To make this a bit more grounded, suppose one is wandering through the woods of the USA, traveling through a forest and finds a nice little area to make camp. They do so. However, legally that 30 acres of forest is owned by “Natural Homesteads Inc” yet has no pending buyers and no pending development plans. Is this example in violation of the Vinaya?

Edit: Figure I’ll just add my further responses in here
@Akaliko

It seems even wilderness places could be ‘owned’ and even its natural inhabitants evicted! If it’s like this with forest animals, one can only imagine that there would be an even greater sense of ownship when it comes to humans, and that squatting or encroachment would not be accepted.

I think it’s important here that the sense of ownership in these examples comes from, at least in part, the active usage of the land for practice by the monks in question. I think it remains open whether the land would therefore become abandoned/opened if the monks left.

It’s interesting that there are non-offenses in these rules for temporary shelters, caves and grass huts. These might be a type of “day dwelling” used purely for meditation, or for extended retreat, with monks returning ‘home’ to a vihara in the evening. Could this type of dwelling be the “empty hut” referred to in the Buddha’s instructions?

I think given that there is a non-offense for day dwellings, it lends support for the idea that abandonment comes with the vacation of the space and/or that legal trespassing (as it is defined today) can be permissible when done in certain time frames.

Another type of ownership is shown in Sanghadisesa 7 where we learn firstly that there are such people as sponsoring owners (they can be laypeople or monastics) who can build on land found by a bhikkhu. As in the rule above, the site needs to be inspected firstly by the Sangha. It seems the bhikkhu retains the title of owner, but, again, how the land is found, its legality or prior ownership is not described.

Wouldn’t this indicate either that 1) there wasn’t a broad system of legal property as we understand it today or 2) any claim of that sort is invalid?

Probably we should abide by the social and legal conventions of today?

Definitely seems the best way to prevent negative views of the sangha! Even if it makes me sad for the romantic idea of a wandering monastic.

Apologies if this is a lot I find this super interesting :pray:


#17

I agree that there is a significant cultural difference between us and the Buddha’s time, in that “unowned land” was common in ancient times and is simply unthinkable today.

What to make of this difference though is another matter, to which I defer to our “resident” vinaya scholars :nerd_face: :stuck_out_tongue_winking_eye:


#18

I think these, as well as trespass, may often have definitions under local secular law… Did the Buddha say anything about respecting or abiding by those? (Honest question; tired and can’t recall or research at the moment).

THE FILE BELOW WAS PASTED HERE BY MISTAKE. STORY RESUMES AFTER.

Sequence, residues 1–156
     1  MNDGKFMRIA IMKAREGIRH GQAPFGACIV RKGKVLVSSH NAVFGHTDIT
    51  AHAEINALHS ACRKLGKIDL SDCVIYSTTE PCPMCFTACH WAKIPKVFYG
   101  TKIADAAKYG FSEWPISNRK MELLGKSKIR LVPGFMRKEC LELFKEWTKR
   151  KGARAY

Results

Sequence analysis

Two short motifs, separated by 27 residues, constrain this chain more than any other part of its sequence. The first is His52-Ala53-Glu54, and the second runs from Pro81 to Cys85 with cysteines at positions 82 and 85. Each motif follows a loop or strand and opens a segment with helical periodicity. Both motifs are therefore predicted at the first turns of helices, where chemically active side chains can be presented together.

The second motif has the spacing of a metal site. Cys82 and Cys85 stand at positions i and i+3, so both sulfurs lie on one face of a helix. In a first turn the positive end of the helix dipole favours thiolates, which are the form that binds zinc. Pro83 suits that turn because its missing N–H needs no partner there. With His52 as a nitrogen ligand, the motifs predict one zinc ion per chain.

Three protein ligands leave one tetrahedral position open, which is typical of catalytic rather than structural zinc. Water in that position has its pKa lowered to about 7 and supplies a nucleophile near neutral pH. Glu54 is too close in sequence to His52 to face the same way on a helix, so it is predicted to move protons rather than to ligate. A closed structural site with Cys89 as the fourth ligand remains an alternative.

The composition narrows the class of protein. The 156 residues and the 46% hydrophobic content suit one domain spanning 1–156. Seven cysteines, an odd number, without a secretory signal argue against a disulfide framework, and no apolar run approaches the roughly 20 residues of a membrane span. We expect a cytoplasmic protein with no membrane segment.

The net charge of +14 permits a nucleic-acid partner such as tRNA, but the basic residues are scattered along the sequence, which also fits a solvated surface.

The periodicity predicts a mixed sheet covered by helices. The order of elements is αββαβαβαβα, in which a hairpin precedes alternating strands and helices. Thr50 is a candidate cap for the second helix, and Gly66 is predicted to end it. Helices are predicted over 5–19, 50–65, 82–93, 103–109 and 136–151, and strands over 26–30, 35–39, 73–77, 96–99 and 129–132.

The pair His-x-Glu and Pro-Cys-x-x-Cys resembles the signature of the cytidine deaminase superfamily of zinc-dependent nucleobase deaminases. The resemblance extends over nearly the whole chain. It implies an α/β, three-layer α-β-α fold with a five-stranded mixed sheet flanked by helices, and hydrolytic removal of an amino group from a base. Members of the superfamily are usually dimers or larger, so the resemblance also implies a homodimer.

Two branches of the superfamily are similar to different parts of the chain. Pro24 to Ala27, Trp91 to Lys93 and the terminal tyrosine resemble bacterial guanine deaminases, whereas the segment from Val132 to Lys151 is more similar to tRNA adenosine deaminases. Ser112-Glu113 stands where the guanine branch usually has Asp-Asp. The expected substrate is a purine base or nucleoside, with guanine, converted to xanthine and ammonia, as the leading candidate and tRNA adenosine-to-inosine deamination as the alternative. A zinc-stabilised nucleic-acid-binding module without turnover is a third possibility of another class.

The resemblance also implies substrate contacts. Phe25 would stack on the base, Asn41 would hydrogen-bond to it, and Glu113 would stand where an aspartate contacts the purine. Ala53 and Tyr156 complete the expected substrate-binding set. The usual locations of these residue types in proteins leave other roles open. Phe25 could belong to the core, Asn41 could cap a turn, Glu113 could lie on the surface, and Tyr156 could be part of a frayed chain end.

In your public lands under Bureau of Land Management example: there are often regulations on how they can be used. These might include registering as on the land or going into some National forest areas; fire starting or waste management; not taking away any plants, animals alive or dead, or rocks or natural debris…


#19

I think the vinaya rules I quoted are mainly concerned with buildings, not with unused land in remote locations. Usually, the advice is to follow the local laws. (The vinaya says you should “obey kings”, which in modern times, we interpret to mean the local authorities.) In many European countries for example, wild camping in tents is not allowed, but you can sleep under a tarp. In the US, I have been strongly advised not to walk on other people’s property, as you may get shot without warning.

You may want to also tag Ajahn Brahmali for the vinaya questions.


#20

In the following, the Buddha simply and directly acknowledges ownership and current non-use:

MN121:4.1: Consider this stilt longhouse of Migāra’s mother. It’s empty of elephants, cows, horses, and mares; of gold and money; and of gatherings of men and women.

In contrast, the contemporary concept of property abandonment is itself an ill-defined moving target subject to many idiosyncratic views.

On a related note, in MN81, Kassapa Buddha actively tells monastics to take “property”:

MN81:21.6: “Sir, there’s no grass there, but his workshop has a grass roof.”
MN81:21.7: “Then go to the workshop and strip the grass.”

MN81 is a very interesting sutta to study since what Kassapa Buddha commanded might be construed as theft in modern society. In this particular case, the owner of the workshop was Kassapa Buddha’s chief attendant, whose family did not construe it as theft. But they did ask the monks why they dismantled the roof and gave their consent after the disassembly was already in progress.

MN81:21.10: “Who’s stripping the grass from the workshop?”

As it turned out, the workshop didn’t need the grass for three months. Perhaps the monks restored the roof afterwards but that is not explicitly stated in the sutta.

A very interesting sutta…


split this topic #21